All year the Wall St. Journal editorial page has been unrelenting in its call for an escalation of an arms build up in Eastern Europe. Editorials, op-eds, and columnists have all called for confronting Russia. This week the Journal pulled out the big guns with an op-ed jointly written by Anders Fogh Rasmussen and General Philip M. Breedlove, the civilian and military heads of NATO.

The article was entitled “A NATO for a Dangerous World” but a close reading would indicate that NATO bears some of the responsibility for making the world more dangerous. The authors refer to an imminent NATO summit where steps will be urged to make NATO forces “fitter, faster, and more flexible to address future challenges from wherever they come.” Can anyone doubt that Rasmussen and Breedlove believe that the major challenge comes from Russia?

In particular the authors call for “the presence of NATO forces in Eastern Europe for as long as necessary,” and that intelligence capability, defense plans, training and exercises all be expanded and upgraded. In addition, they see the need to upgrade “rapid reaction” capability, and even “pre-position equipment and supplies” along NATO’s borders for future rapid deployment. I wonder what borders they are thinking of.

If this is not an arms race and escalation of tension in Eastern Europe, I don’t know what is. Ironically, if you read between the lines, you will see that Rasmussen and Breedlove believe that after all these years NATO is not ready to deal with new circumstances in a changing world. NATO performed a valuable service during the Cold War but with the break-up of the Soviet Union, it is time to consider whether it is still needed.

The Journal likes to compare the situation in the Ukraine with the appeasement of Hitler before the Second World War. It seems that a more apt comparison would be with the arms build up and entangling alliances that led to the start of the First World War 100 years ago. Today, the threat of an increased military build up in central Europe with the potential of a nuclear exchange makes the world a much more dangerous place than it ever was.

In his famous farewell address George Washington warned that the new American nation should avoid any foreign entanglements. Washington was not only the first President of the newly formed United States of America but he was also the general who had guided the American colonies through their seven-year struggle for independence from the British Empire. When Washington uttered his warning, Great Britain and France were in the midst of a life and death struggle for supremacy in Europe.

About a hundred and sixty years after Washington’s warning, another American President cautioned about the growing influence of a military/industrial complex in America after the great victory in World War II. Like Washington, Dwight Eisenhower was also a general before becoming President. He had experienced the horrors of the greatest and most devastating war in history. During his term in office he brought an end to the Korean War and subsequently warned that the United States should never become involved in a land war on the continent of Asia.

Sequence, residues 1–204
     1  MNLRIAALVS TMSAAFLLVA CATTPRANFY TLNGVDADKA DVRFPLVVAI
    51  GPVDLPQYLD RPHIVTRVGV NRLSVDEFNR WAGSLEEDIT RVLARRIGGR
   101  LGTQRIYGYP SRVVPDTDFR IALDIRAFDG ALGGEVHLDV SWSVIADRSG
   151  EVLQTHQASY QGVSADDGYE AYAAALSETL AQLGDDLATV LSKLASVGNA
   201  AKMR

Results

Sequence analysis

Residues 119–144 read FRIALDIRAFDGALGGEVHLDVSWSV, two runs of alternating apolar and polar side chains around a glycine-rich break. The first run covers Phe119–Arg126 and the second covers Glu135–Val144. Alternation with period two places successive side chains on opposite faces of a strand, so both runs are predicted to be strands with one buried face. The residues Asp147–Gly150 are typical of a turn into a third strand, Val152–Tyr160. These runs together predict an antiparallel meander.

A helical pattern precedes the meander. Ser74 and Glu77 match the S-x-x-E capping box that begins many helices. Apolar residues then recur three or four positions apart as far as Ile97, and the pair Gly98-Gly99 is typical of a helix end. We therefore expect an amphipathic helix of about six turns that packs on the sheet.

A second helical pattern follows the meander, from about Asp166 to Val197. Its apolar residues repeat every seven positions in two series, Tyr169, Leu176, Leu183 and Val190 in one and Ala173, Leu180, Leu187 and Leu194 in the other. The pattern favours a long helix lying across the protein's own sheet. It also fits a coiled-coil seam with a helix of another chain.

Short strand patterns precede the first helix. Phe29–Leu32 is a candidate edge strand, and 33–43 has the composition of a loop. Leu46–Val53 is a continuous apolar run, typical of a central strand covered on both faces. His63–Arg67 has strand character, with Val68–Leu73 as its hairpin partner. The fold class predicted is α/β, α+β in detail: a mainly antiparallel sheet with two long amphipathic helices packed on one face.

Perhaps it is time for us to re-consider the entangling alliances and commitments that have involved us militarily all over the world. Rather than a summit in Wales to escalate the arms race, the United States, the European Union and Russia should convene a summit meeting to limit NATO expansion, calm Russian fears, and de-militarize Eastern Europe.


Tuesday, August 12, 2014

Hiroshima and Nagasaki August 1945

This summer media sources are remembering the start of the First World War 100 years ago in August 1914. Somewhat overshadowed has been the events of August, 1945 that brought the Second World War to an end. On August 5, 1945 a U.S. Air Force bomber dropped the first Atomic bomb on the Japanese city of Hiroshima. Four days later a second Atomic bomb was dropped on the port city of Nagasaki. Five days later on August 15 Japanese Emperor Hirohito and the Japanese government agreed to accede to Allied demands and surrender unconditionally.

Earlier that year, on May 8, 1945, the European Allies had accepted the surrender of Germany after Hitler’s suicide. VE Day marked the end of the war in Europe and the Allies could now turn their full attention to the defeat of Japan. Joseph Stalin, the brutal Communist dictator in Russia, had refused to open an Asian front against Japan until the defeat of Germany.

After VE Day Stalin agreed to launch an attack on the Japanese puppet state in Mongolia within three months. On July 26, 1945 the Allied leaders met at Potsdam and issued a demand to Japan to surrender unconditionally or face utter destruction. While the Russians built up their forces in the East, the United States launched a series of devastating firebomb attacks on Japanese cities from their recently taken islands in the Pacific.

When these attacks failed to bring the Japanese to their knees, the Allies made preparations for a full-scale attack on the Japanese mainland. Massive casualties were projected on both sides.  Finally, by the beginning of August scientists had successfully tested the Atom bomb. President Truman then made the decision to use the bomb.